• In spite of comparatively low pay, the military attracts and retains some of the nation’s best and brightest
  • In-house military medical care, the military Tricare medical insurance program for retirees, and Veterans’ Administration hospitals and clinics are arguably the best and most efficient medical institutions and programs in the country today

Kristof only touched on a few aspects of the military’s European-style socialist lifestyle.  Here are a few more, from my own experience:

  • The military provides its members a living wage, paid vacations, housing, food, clothing, legal and medical care
  • It provides promotion opportunities at regular intervals
  • It pays moving expenses and offers housing and pay allowances in high cost of living areas
  • It provides generous retirement pensions and lifelong medical care for career members
  • It takes care of its wounded and disabled, career members or not, for life

I’ll go on to say that of all American public institutions, the only one that’s universally respected today is the military.  Teachers, fire fighters, and the police are under attack everywhere, facing pay cuts, layoffs, and privatization efforts.  No one will give a civil servant the time of day.  But soldiers, sailors, and airmen are cheered in airports across the country.  No one is suggesting pay cuts; no one is suggesting that General Electric or Wal-Mart take over our national defense.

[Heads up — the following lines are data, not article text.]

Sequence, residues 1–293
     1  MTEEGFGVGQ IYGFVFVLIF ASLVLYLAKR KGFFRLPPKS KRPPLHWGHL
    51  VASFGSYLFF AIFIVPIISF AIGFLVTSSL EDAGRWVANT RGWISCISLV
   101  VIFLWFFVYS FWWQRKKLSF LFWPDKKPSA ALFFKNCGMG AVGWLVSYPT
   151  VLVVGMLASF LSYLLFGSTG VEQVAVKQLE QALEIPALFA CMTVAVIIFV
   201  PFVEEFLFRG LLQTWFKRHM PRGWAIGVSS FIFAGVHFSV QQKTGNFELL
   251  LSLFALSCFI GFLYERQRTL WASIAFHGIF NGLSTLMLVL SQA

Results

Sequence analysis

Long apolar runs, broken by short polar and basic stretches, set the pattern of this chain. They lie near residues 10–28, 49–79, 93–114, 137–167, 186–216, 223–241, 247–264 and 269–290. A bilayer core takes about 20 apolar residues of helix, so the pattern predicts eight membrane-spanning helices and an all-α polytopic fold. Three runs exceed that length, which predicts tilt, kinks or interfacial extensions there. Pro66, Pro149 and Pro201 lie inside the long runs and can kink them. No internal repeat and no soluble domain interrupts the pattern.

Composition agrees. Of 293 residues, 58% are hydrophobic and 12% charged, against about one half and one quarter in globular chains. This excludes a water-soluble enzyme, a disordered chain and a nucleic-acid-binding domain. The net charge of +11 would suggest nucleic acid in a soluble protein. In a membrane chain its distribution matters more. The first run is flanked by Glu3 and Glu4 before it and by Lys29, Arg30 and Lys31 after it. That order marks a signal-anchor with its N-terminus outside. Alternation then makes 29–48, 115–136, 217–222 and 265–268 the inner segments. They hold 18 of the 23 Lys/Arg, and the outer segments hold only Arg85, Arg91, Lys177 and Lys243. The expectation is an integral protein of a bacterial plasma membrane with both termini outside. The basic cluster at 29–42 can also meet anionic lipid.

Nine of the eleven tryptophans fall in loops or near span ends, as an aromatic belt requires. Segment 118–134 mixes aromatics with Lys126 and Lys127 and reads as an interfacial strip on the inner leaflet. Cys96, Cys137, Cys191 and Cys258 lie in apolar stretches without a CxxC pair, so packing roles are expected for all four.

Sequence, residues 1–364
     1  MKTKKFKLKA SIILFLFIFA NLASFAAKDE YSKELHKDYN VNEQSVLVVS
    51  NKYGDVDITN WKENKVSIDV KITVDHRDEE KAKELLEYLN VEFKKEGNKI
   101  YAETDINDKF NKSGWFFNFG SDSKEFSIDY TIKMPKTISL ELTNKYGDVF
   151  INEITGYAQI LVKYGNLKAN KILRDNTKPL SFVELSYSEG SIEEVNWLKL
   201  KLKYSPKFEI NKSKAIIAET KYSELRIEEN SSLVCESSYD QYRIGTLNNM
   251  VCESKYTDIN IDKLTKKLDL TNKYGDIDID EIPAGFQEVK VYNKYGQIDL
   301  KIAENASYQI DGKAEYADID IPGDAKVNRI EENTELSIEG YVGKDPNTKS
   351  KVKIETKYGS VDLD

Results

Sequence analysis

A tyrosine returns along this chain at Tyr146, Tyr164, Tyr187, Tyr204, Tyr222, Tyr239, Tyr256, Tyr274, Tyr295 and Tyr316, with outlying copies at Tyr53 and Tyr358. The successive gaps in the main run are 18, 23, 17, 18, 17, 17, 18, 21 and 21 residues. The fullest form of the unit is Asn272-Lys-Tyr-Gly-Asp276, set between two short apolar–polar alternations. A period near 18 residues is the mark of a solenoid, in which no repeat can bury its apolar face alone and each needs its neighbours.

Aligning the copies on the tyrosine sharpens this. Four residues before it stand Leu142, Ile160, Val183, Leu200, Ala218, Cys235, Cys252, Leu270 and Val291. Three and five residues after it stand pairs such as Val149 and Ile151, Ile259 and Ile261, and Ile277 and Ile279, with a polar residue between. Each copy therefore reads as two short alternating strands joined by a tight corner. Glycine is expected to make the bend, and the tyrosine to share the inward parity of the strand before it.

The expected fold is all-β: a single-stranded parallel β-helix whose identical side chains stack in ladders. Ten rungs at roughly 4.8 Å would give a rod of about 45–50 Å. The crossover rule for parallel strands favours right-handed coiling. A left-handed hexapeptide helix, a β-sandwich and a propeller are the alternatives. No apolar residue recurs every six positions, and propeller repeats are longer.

Admiral Mullen, Chairman of the Joint Chiefs of Staff, earns less than $228,000 a year; Gregory Maffei, CEO of Liberty Media Corporation, earns more than $87 million a year … yet no one suggests the military will lose its top leaders to the corporate world if we don’t increase executive compensation.  Military physicians earn 20-40% less than their civilian counterparts … yet military medical programs are acknowledged as the best in the country, and a model for policymakers seeking to improve civilian medical care.

I could go on and on, but I’ll stop with a story.